# Mirror maze

Given a grid with two openings and two sided mirrors in some grid cells, find an orientation for the mirrors at 45 or -45 degrees, such that a laser beam entering one opening would be reflected all the way to the second opening.

## An \( O(n^2) \) algorithm

We use the following graph representation for this problem. Every mirror *a* generates up to 4 vertices, one for each direction *up, left, down, right*. If some mirror *b* is reachable from *a* in direction *d* then there is a vertex *(a,d)* and by symmetry a vertex *(b,inv(d))* — where the *inv* function inverts the direction — and these vertices are connected by an edge. In addition vertices *(a,d)* and *(a,e)* are connected by an edge if *d* and *e* are adjacent directions. This construction is completed with a vertex for each of two openings. Each opening vertex is connected to the reachable mirror (if any). The opening vertices are connected together by an edge, or — variant of the graph model — connected each to an additional vertex. We distinguish two kind of edges: (i) horizontal or vertical ones and (ii) diagonal or anti-diagonal ones.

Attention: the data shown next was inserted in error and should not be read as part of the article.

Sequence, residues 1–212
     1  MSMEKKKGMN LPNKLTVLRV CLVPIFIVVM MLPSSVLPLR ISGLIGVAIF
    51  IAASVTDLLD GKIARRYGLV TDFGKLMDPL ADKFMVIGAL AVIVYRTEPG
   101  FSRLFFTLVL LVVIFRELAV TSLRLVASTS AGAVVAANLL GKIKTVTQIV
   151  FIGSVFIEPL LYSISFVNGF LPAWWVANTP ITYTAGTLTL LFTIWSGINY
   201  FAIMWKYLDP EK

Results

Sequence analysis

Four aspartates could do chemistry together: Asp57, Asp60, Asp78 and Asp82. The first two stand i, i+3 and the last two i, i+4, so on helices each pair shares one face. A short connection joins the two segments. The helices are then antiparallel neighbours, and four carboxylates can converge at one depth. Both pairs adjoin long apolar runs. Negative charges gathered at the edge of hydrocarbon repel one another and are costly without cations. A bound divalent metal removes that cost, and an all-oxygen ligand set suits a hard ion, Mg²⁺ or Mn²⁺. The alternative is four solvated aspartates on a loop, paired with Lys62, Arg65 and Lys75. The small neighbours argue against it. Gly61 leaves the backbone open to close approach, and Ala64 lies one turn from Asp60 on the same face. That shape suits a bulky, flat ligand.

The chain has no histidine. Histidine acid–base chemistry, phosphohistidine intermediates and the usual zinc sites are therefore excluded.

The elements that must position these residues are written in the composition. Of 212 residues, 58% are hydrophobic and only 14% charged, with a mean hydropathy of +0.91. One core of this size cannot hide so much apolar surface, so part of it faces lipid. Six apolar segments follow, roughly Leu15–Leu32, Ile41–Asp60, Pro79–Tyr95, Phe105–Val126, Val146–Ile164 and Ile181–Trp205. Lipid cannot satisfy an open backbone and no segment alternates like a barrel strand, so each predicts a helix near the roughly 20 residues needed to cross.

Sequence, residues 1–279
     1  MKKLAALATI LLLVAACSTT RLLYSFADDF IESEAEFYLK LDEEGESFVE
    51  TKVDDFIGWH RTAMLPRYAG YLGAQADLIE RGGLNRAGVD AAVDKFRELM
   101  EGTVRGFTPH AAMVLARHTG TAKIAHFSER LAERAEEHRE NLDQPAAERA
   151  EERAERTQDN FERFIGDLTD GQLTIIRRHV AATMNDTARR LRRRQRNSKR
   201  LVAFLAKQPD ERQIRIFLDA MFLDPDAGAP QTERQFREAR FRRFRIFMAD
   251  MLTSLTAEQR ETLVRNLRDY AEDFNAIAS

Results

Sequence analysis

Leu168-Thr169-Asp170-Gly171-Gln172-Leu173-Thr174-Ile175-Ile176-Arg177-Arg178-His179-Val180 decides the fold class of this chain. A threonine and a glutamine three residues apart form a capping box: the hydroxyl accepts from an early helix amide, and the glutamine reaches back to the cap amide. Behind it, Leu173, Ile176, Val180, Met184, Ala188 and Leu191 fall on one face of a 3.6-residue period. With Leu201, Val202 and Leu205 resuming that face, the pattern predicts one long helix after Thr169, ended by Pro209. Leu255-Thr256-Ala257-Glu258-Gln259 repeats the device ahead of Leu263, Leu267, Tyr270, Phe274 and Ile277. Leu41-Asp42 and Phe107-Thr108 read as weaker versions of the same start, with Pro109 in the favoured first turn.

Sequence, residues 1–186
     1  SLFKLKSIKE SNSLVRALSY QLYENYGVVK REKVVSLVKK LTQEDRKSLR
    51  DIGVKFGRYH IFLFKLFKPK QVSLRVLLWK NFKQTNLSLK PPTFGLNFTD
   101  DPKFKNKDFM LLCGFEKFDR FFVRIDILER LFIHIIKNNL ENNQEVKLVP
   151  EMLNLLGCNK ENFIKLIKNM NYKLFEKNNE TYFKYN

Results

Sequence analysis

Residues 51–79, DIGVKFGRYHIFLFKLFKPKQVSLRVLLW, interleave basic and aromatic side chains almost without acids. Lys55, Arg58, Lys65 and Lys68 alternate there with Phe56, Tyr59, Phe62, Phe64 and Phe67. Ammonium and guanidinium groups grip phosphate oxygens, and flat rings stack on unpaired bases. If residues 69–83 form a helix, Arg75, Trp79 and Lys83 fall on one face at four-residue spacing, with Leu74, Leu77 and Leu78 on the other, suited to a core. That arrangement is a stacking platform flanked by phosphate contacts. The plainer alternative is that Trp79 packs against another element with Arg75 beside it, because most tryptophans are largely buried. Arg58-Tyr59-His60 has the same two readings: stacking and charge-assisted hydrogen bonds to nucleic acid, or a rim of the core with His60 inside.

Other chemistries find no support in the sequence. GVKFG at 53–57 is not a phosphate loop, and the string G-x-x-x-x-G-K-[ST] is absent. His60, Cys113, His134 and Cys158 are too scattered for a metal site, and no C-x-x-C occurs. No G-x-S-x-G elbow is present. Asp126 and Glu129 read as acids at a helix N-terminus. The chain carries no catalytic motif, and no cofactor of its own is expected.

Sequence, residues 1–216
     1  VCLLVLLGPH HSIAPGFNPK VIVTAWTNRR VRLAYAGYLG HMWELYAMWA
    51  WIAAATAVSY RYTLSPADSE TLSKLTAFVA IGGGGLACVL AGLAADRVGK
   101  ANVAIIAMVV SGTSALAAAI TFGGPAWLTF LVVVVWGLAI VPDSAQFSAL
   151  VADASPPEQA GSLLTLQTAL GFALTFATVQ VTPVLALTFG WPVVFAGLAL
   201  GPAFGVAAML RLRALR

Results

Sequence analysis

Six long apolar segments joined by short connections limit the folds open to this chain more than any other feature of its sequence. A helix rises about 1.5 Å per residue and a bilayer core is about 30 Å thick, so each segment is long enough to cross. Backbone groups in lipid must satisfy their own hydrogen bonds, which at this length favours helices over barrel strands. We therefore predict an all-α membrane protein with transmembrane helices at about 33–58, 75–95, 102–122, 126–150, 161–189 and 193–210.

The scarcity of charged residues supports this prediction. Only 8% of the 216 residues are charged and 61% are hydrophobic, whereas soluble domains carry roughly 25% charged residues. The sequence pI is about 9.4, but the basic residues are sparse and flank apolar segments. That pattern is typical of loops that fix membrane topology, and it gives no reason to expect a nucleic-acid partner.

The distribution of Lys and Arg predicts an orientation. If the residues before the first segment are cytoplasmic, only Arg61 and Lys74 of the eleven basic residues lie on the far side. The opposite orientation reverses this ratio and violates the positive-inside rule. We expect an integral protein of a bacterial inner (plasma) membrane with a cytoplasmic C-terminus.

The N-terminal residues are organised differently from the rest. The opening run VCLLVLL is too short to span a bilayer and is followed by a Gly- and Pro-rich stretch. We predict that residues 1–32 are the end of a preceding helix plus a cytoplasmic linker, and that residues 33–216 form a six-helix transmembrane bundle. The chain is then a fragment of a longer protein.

We claim that the graph has a perfect matching if and only if the mirror maze instance has a solution. The interpretation of a matching is the following. A vertical or horizontal edge in the matching means that the laser does not follow this trajectory. A diagonal or anti diagonal edge in the matching, say *((a,d),(a,e))*, means that the laser reflects on the mirror *a* without however distinguishing the case that the laser enters *a* from direction *d* and leaves in direction *e* or the opposite case. Note that if there are two reflections happening on a mirror then these are not conflicting and there is a unique corresponding mirror position.

The algorithm consists of

- building the graph model,
- creating a near perfect matching, consisting of all horizontal and vertical edges. This corresponds to the complete absence of the laser beam.
- tries to build a perfect matching, by searching for a single alternating augmenting path,

This last step is hard to implement as it needs Edmond’s blossom algorithm.

## Example

## Note

The mirror maze problem can be solved with backtracking. Such a solution is of course not running in polynomial time in the worst case, but seems to pass all the tests and is quite easy to implement. But such a solution is cheating, wouldn’t you agree ?

## References

Most available implementations of Edmond’s blossom algorithm are a bit long (who can blame?), but the following by David Eppstein is quite elegant: